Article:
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Okay, so I know he can sense other spiders nearby in The Amazing Spider-Man, but is he bothered by them? I read somewhere that a lot of spiders attack other spiders quite frequently, some even going so far as to try to eat them, so I was just wondering if Peter were to see another spider, would he freak out? Would he instinctively kill it?

Apparently it's both human and spider instinct to kill another spider, so I'm thinking that he probably would, but I'm not positive. I'm mostly wondering about Tom Holland's version of Spider-Man, but any kind of answer would suffice.

closed as primarily opinion-based by A J, J M, Paulie_D, Todd Wilcox, Meat Trademark Jun 28 '18 at 16:16

Many good questions generate some degree of opinion based on expert experience, but answers to this question will tend to be almost entirely based on opinions, rather than facts, references, or specific expertise. If this question can be reworded to fit the rules in the help center, please edit the question.

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    It would be better if you provide evidence that spiders attack spiders. Link "I read somewhere" – KharoBangdo Jun 28 '18 at 7:18
  • In the comics, when Spider-Man first meets the Avengers (Avengers (1964) #10, I think), we learn that Janet van Dyne, a.k.a. the Wasp, is uncomfortable around Spider-Man because she hates spiders. I think the possibility that this is related to her powers may be left open, but it doesn't seem likely. Interestingly enough, her step-daughter, Nadia (the new Wasp introduced in 2015) had the same reaction. – RDFozz Jun 28 '18 at 22:36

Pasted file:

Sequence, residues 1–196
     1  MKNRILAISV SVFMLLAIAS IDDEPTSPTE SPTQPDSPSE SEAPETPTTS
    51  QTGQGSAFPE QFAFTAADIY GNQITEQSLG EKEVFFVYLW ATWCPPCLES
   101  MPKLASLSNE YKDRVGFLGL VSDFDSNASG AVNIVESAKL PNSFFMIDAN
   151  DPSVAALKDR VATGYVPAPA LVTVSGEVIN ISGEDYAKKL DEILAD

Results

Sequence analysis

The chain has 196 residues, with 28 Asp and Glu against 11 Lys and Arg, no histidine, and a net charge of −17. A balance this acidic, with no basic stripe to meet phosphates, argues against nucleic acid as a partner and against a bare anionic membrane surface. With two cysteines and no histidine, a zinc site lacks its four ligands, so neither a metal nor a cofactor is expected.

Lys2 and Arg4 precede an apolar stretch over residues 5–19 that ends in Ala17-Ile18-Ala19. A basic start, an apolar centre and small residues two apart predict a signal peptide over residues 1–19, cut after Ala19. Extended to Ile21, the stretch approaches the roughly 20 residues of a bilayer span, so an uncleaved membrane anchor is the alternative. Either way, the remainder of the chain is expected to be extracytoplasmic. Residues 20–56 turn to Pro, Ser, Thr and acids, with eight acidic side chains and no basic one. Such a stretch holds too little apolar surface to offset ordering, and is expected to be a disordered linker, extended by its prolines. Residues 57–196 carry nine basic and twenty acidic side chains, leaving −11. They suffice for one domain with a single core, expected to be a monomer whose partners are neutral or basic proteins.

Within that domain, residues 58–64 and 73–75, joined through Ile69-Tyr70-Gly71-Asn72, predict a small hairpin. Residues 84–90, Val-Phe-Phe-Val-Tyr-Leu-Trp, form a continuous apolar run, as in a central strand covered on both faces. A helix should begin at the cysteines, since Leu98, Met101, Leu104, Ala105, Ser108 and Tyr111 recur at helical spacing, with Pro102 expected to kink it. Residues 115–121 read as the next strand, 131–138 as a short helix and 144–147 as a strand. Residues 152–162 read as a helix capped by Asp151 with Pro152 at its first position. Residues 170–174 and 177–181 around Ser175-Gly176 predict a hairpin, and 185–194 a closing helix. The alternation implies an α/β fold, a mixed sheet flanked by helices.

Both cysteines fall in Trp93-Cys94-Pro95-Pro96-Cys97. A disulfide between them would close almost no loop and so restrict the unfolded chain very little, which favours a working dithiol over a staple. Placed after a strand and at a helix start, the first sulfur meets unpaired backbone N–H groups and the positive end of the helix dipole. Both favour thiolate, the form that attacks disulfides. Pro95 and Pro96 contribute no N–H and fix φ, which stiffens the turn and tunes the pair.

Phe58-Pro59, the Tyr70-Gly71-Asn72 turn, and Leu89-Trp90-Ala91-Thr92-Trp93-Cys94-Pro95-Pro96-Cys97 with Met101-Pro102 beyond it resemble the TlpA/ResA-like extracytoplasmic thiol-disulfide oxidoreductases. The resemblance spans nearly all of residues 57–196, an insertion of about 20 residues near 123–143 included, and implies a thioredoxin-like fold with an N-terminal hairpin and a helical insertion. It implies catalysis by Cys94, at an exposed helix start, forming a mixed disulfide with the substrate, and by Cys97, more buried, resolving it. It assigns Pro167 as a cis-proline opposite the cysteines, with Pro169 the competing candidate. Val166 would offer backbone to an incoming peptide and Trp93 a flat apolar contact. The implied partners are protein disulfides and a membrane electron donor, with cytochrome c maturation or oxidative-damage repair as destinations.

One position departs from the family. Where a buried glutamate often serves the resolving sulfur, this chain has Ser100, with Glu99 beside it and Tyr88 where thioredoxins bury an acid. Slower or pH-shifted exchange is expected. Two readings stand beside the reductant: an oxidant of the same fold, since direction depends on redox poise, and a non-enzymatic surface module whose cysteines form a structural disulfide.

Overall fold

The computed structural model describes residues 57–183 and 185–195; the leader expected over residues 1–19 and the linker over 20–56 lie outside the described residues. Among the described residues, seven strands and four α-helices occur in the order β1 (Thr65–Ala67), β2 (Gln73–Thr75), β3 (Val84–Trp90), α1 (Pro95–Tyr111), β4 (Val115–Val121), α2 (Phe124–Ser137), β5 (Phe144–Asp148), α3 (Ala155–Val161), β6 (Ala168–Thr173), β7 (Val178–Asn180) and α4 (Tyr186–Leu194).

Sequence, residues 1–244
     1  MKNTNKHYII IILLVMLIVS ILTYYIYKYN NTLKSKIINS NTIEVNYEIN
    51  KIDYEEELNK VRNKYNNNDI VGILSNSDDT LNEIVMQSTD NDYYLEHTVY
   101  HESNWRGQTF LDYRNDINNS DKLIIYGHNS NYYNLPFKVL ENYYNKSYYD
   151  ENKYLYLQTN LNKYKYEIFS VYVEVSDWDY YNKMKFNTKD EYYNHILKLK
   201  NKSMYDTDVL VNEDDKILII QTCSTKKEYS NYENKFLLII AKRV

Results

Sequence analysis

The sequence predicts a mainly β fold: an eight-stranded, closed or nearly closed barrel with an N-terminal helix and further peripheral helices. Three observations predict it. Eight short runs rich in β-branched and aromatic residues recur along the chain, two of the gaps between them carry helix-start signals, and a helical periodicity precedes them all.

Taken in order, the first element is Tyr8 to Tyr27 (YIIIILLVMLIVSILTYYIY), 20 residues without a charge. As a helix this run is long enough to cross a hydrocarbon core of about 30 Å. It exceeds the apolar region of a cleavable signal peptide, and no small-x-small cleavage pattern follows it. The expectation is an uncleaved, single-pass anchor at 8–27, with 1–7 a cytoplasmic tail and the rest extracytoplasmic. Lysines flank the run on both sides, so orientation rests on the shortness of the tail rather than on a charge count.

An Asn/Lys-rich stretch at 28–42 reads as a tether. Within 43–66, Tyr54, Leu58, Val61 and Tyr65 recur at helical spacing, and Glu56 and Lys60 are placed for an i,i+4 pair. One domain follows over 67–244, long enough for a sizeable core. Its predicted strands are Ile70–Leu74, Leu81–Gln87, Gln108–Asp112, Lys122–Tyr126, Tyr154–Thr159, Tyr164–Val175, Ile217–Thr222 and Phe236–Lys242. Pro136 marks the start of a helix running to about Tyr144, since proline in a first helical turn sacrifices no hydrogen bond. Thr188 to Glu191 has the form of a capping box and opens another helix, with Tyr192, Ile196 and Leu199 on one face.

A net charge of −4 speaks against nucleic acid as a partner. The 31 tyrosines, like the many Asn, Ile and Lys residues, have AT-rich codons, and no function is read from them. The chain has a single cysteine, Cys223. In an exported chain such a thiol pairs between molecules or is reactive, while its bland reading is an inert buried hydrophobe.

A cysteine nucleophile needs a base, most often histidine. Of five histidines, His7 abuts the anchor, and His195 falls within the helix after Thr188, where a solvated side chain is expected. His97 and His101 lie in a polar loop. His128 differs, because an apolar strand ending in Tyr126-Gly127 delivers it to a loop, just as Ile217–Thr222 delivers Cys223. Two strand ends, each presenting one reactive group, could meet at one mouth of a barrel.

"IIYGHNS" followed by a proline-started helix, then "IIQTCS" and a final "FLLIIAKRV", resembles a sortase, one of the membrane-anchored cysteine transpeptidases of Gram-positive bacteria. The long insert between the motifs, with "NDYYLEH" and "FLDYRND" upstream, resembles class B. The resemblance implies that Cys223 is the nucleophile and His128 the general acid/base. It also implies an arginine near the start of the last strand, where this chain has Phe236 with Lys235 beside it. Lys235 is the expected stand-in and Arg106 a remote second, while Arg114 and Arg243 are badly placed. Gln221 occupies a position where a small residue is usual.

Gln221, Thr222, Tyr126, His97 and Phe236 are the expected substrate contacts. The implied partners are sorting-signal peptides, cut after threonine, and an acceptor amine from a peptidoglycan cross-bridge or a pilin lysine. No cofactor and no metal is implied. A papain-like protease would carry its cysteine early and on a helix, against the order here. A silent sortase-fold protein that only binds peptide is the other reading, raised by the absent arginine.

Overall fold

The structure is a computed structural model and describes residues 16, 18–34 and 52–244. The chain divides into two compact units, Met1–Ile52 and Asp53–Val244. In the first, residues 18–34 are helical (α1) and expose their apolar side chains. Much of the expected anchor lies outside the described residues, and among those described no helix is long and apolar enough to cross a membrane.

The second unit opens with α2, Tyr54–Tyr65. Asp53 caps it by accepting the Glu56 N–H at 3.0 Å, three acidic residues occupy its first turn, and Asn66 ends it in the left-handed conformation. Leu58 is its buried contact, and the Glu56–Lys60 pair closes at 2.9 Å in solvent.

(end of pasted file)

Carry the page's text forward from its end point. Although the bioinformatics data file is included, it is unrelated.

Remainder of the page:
• @KharoBangdo: wikiwand.com/en/Spider_cannibalism. Female spiders sometimes eat the male after copulation, hence the name of the Black widow. – Taladris Dec 13 '18 at 17:00
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There is nothing at all to suggest so in any of the cinematic incarnations so far, as while Peter clearly has a 'spider sense' I do not believe that he or any other humans have a 'natural instinct' to kill spiders (notwithstanding arachnophobes). Although many people do kill small harmless animals for no reason, I do not believe (or perhaps hope?) that it is a default setting of the human condition and as Peter is specifically shown time and time again to try and live up to the most selfless of his human values (which always trump whatever influence the spider DNA has on his personality) I would think that he is probably even less likely than most to be so unnecessarily cruel.

In Sam Raimi's Spider-man, there is a clear shot of wonder as Peter looks up towards a spider building a web in the alley, immediately prior to his realisation that he now posses the same abilities. He certainly does not go out of his way to kill it before attempting to crawl up the alley wall for the first time.

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